Drake, Retired UT Writer and Teacher, Dies

KNOXVILLE — Robert Drake, the University of Tennessee English professor and writer whose short stories about growing up in West Tennessee are familiar to a generation of Southern readers, died June 30 at a hospital in Martin, Tenn.

Drake, 70, who had been ill since shortly before his retirement in 1999, died of apparent heart failure. He taught Southern literature and creative writing at UT from 1965 until he retired.

“The most distinctive feature of Bob’s compositions is the voice that talks to you as you read,” said Dr. Allen Carroll, head of UT’s English Department. “This voice comes from a particular place and time — very small-town West Tennessee.

“Bob spent a lifetime perfecting this voice, remembering it, and letting the world hear it.”

Drake is known for his short story, “Amazing Grace,” which appeared in a 1961 issue of “Christian Century” and gave the title to his first collection of short stories.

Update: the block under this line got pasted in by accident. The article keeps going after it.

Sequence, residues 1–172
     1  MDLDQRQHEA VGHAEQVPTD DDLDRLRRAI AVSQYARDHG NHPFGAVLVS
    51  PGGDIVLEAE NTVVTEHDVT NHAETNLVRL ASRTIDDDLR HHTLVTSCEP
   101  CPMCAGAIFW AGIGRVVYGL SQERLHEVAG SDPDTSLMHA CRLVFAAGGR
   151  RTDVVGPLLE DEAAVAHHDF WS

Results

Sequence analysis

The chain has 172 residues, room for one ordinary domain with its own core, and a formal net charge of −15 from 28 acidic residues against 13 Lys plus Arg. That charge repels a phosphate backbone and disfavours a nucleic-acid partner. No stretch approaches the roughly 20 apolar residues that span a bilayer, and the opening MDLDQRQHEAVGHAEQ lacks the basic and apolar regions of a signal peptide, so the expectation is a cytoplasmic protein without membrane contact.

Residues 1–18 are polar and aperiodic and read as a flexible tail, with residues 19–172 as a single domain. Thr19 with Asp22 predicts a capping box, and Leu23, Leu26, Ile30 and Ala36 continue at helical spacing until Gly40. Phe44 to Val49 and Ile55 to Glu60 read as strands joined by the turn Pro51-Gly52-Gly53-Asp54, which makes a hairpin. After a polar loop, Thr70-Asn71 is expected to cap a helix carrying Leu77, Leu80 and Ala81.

The story was reprinted in four successive editions of “Interpreting Literature” by K.L. Knickerbocker and H.W. Renniger. Altogether he published half a dozen books of short stories and memoirs and more than 200 stories and articles.

In recent years he was honored with new editions and collections of his writings and a retrospective devoted to his work at the South Atlantic Modern Language Association. In 1997, he donated his manuscripts and correspondence to Vanderbilt.

A native of Ripley, Tenn., Drake held B.A. and M. A. degrees from Vanderbilt University and the M.A. and the Ph.D. from Yale. He taught English at the University of Michigan, Northwestern and the University of Texas before joining the UT faculty.

A memorial service will be held in Knoxville on July 25 at 6 p.m. in the chapel of St. John’s Cathedral on Cumberland Avenue at Walnut Street.